Dr Linda Meyer
Perhaps the most effective antidote is embracing lifelong learning and continuing professional development
Impostor syndrome is a psychological phenomenon that involves feeling like a fraud, and constantly waiting to be found out despite evidence of your achievements and competence. It can affect anyone, regardless of their profession, education or experience. Impostor syndrome can cause you to doubt yourself, fear failure and avoid challenges, thereby undermining your own success and life satisfaction. If left unchecked, it can derail you from reaching your full potential, a leadership and education expert warns.
“Imposter syndrome does not discriminate. While one might think it’s a challenge faced by those struggling with self-worth, it’s surprising how often the overachievers feel its weight the most,” says Dr Linda Meyer, MD of The Independent Institute of Education’s Rosebank College.
“Even esteemed figures, from decorated scientists to iconic performers, have frequently confessed to feeling like frauds. They think their achievements aren’t the results of their efforts but rather a fortunate alignment of circumstances or, even worse, a well-maintained charade.”
Some studies suggest that as many as 70% of adults will experience impostor syndrome at least once in their lifetime. Although estimates vary, it is clear that the phenomenon is widespread, with a great many people falling into the trap of believing they are an island of well-masked incompetence surrounded by a sea of professional and capable people.
“Impostor syndrome flows from self-doubt, which is an essential part of the human psyche. It serves as a mechanism that ensures self-assessment and reflection, maintaining a balance to avoid hubris. It’s when this self-doubt, instead of acting as a reflective tool, starts feeding on negative external factors and validations, that it can morph into the all-consuming imposter syndrome,” says Meyer.
Of course it is quite possible that a person may indeed be out of their depth, in which case their self-doubt does not translate to impostor syndrome. It is therefore important to firstly recognise your feelings, and then determine whether they are based in reality, she says.
“The first step to overcoming impostor syndrome is to identify and challenge the negative thoughts that fuel it. Some common impostor thoughts will include ideas that you don’t deserve this success; that you got lucky this time, but won’t be able to do it again; that you are not as smart/talented/skilled as others think you are, and that you are afraid of the penny dropping at some point and that you will be ‘found out’.”
The best way to ward off negative self-talk is to have the objective facts in front of you. It is therefore important to keep a record of your accomplishments, Meyer says.
“Keeping a record of your accomplishments and reminding yourself of them regularly can assist you in acknowledging your strengths and achievements, and counteract the tendency to focus on your flaws and failures.
“You can create a portfolio, a journal, or a folder where you collect tangible evidence of your accomplishments, such as certificates, awards, positive feedback, testimonials, or successful projects. Review your record whenever you feel insecure or doubtful, and celebrate your progress and growth.”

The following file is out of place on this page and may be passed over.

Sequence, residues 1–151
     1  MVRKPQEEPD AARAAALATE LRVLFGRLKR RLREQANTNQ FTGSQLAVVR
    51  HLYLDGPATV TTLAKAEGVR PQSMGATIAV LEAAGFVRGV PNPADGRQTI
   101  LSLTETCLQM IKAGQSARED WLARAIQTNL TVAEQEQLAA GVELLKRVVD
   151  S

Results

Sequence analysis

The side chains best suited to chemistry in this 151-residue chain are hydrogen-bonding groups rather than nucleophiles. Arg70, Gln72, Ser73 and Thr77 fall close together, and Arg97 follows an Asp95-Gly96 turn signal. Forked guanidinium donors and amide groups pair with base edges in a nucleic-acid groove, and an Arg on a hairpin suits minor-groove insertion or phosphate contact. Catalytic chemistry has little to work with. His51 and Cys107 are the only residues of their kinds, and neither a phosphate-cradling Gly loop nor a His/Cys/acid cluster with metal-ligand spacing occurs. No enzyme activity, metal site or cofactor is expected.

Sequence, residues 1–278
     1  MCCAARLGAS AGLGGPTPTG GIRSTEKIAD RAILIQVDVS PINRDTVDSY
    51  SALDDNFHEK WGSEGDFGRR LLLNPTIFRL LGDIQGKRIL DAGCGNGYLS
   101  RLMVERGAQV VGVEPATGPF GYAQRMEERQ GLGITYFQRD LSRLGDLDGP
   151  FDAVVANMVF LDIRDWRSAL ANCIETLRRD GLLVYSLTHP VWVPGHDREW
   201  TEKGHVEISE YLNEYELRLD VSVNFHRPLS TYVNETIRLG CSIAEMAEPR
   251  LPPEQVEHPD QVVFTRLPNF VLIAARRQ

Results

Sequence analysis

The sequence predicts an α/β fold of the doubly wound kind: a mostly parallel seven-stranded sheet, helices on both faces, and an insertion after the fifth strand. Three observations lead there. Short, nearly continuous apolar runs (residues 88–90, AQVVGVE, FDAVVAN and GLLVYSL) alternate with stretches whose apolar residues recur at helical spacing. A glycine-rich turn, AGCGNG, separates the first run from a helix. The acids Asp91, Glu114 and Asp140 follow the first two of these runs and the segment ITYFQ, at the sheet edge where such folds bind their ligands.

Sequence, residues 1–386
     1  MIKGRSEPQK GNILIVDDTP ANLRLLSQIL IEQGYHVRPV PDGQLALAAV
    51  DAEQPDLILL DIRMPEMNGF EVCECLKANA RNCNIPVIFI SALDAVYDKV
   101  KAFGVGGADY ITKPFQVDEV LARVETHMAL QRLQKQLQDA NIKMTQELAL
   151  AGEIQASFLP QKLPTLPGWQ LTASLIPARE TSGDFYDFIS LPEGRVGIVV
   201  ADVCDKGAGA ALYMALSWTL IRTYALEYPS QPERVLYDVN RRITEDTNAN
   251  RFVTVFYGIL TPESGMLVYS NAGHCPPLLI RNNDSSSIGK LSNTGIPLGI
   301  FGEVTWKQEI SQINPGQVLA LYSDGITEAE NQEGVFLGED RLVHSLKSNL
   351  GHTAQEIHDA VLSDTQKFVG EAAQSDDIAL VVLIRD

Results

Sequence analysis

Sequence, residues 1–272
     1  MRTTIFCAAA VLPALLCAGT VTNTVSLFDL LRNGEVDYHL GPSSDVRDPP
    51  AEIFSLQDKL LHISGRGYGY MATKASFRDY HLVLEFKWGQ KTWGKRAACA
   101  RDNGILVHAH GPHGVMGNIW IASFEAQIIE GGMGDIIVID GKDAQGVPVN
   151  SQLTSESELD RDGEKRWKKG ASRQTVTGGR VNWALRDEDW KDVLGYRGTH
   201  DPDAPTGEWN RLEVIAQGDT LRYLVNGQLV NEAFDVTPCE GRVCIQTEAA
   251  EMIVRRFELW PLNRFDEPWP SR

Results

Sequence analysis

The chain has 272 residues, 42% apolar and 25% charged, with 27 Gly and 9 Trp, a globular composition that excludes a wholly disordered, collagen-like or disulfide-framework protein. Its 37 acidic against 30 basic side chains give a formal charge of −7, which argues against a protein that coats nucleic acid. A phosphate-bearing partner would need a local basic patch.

An additional tool is to seek feedback and support.
Speaking to a mentor, respected colleagues or managers is essential for your professional development and wellbeing. They can help you gain perspective, learn from others, and improve your performance.
Perhaps one of the most effective antidotes to ward off impostor syndrome, is embracing lifelong learning and continuing professional development, says Meyer.
“Impostor syndrome can make you avoid new opportunities and challenges, because you fear failure and rejection. However, this can limit your learning and growth, and prevent you from reaching your full potential.
“Adopting a growth mindset — the belief that your abilities and intelligence can be developed through effort, feedback, and practice — will keep you in a state of self-empowerment. A growth mindset can help you embrace challenges, overcome setbacks, and persist in the face of difficulties. It can also help you value the process of learning, rather than the outcome of success.”
Not dealing with impostor syndrome can rob an individual of years of professional satisfaction and progress, not to mention enjoying a fulfilling life, Meyer says.
“If you suspect that you may be dealing with this issue, recognise that you are not alone in your struggles, but that it is up to you to grab the bull by the horns and banish this thief of joy from your personal and professional life. Recognising and addressing imposter syndrome within oneself is pivotal. This initial spark of self-awareness illuminates the path forward. Accepting these feelings without judgement allows for proactive measures, setting the stage for transformative personal growth.”
About Dr Linda Meyer
Dr Linda Meyer is the Managing Director of the Independent Institute of Education’s Rosebank College and has held several executive roles in the public and private sectors. She is a serving member of the SAQA Board and a former CCMA Commissioner. She holds several qualifications, including a Doctor of Philosophy (RSA), Doctor of Business Administration (USA), Master of Business Administration (UK), Post Graduate Diploma in Management Studies (UK), Bachelor of Business Administration, B. Com (Law) and several other diplomas, higher and professional certifications.